Fear of cancer spurs breast implant recall

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There are concerns regarding breast implants and the association with cancer. UP to 30,000 French women and perhaps tens of thousands more around the world may need to have defective breast implants removed after several suspicious cancer cases. The final decision on recall of the implants, produced by the Poly Implant Prothese (PIP) company will be made by the end of the week, after a report from France's National Cancer Institute on December 23.

“Today, we're in the process of evaluating these breast implants because of the apparent cancer risk,” said French government spokeswoman Valerie Pecresse. “The government will announce its action plan between now and the end of the week,” she added in an appearance on the LCI television news network. According to a health ministry official said no “causal link” between the implants and cancer had yet been established and that “there is no urgent health risk”.

It was not immediately clear how many foreign women have been given PIP products but the firm was once the world's third-largest producer of silicone implants, producing 100,000 per year and exporting 80 per cent of its output. PIP was shut down and its product banned last year after it was revealed to have been using non-authorized silicone gel that caused abnormally high rupture rates of its implants.

Fears about the safety of PIPs surfaced 18 months ago when surgeons noticed they were rupturing much more quickly than other brands. An inquiry ordered by the French health watchdog reported 'serious irregularities' in the implants. But when the gel's manufacturer was asked for studies on the safety of the filler, it said it did not have any – because it believed it was to be used in the manufacture of mattresses. It also emerged that many of the implants were missing a protective coating designed to stop them from splitting and prevent any gel that leaked from spreading through the body.

Health officials said last week that eight cases of cancer, mainly breast cancer, had been reported in women who had received the PIP implants. “It is urgent for all women who have PIP implants to return to see their surgeons,” Ms Pecresse, the French government spokeswoman, told LCI television, adding that costs of removal would be covered by state health insurance. She said that, before the government announces its action plan this week, “we must first of all proceed with a census of women who received these implants and are potentially in danger.”

Laurent Lantieri, one of France's best-known cosmetic surgeons and a member of a health department committee on the issue, said there was no choice but to order the implants' removal. “We all agree on the necessity of this decision,” he said. “We are facing a health crisis linked with a fraud. The entire profession is aware of this. There is no urgency but we no longer have any choice - all these implants must be removed.” So far 523 women who received PIP implants have had them removed.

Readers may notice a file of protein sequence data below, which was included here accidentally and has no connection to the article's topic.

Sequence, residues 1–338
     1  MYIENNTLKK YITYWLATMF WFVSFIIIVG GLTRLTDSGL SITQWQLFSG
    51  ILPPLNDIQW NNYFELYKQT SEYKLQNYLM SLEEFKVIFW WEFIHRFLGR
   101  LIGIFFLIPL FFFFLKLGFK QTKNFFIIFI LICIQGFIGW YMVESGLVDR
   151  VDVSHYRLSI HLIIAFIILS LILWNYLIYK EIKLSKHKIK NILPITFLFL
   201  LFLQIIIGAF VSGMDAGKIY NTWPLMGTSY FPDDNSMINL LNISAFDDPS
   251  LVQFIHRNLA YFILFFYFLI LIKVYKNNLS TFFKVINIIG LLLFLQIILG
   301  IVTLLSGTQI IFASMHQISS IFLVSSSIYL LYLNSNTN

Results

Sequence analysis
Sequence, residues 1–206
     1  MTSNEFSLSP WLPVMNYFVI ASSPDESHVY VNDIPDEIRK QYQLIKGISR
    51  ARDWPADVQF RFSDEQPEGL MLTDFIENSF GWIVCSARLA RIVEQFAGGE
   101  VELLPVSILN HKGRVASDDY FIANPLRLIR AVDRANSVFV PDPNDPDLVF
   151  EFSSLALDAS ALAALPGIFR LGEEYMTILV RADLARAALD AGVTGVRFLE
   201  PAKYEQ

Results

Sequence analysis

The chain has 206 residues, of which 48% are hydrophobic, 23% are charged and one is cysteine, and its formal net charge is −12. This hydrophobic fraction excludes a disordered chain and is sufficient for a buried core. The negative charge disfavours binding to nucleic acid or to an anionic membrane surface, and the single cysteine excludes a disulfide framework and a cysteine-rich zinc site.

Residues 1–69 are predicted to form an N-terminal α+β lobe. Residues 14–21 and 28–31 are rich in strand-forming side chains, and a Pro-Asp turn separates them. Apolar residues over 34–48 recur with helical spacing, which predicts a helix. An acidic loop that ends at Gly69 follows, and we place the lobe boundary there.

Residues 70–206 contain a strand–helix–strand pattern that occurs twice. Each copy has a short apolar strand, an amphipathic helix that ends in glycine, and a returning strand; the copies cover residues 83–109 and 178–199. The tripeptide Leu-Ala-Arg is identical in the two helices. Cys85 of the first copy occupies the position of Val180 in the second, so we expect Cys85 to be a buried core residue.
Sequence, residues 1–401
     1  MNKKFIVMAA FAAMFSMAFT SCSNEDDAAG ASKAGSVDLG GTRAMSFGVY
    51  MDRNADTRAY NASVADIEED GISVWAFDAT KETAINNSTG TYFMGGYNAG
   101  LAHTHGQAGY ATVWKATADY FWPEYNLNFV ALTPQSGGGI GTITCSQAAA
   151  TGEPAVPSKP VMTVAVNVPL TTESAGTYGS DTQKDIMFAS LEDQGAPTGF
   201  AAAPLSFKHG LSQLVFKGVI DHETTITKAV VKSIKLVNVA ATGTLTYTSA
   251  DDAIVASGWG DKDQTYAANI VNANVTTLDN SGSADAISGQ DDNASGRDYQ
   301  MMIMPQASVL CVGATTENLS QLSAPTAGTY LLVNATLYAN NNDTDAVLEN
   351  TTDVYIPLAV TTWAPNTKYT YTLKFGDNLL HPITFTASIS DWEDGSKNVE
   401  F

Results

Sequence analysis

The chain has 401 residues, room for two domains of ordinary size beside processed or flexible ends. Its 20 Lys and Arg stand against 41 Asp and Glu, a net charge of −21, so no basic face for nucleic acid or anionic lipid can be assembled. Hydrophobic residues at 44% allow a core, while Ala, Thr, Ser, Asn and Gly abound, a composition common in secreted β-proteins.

The French newspaper Liberation quoted France's director general for health, Jean-Yves Grall, as saying that while the state would cover the costs of removing implants, it would not pay for implanting new ones unless the women involved had reconstructive surgery following a mastectomy. “This does not shock me,” Lantieri said. “It is not up to society, in a time of crisis, to pay for a new implant for aesthetic reasons.”

Up to 50,000 women in UK also have the Poly Implant Protheses, or PIPs, which were among the cheapest on the market and widely used in cosmetic clinics both here and abroad. UK Government advice is that any woman who is concerned about her implants should speak to the surgeon that put them in.

The Medicines and Healthcare products Regulatory Agency says there is insufficient evidence to indicate any association with the implants and cancer. But Douglas McGeorge, of the British Association of Aesthetic Plastic Surgeons, said, “People with PIP implants do have a higher failure rate and there is a significant risk at some point they might rupture. If this is a worry for patients, the sensible thing to do is to get them replaced earlier rather than later.”

The NHS does take out damaged implants but won't pay for new ones to be put in, meaning patients could be left with a bill that runs into tens of thousands of pounds, as well as the trauma of additional surgery.

Meanwhile, 27 British women are suing their clinics to pay for the operation and for compensation for scarring and emotional trauma. Kevin Timms, of Hertford-based Garden House Solicitors, said those worst affected could be in line for tens of thousands of pounds. The firm is also trying to compile a national register containing details of all those who have the implants.

Dr. Ananya Mandal

Written by

Dr. Ananya Mandal

Dr. Ananya Mandal is a doctor by profession, lecturer by vocation and a medical writer by passion. She specialized in Clinical Pharmacology after her bachelor's (MBBS). For her, health communication is not just writing complicated reviews for professionals but making medical knowledge understandable and available to the general public as well.


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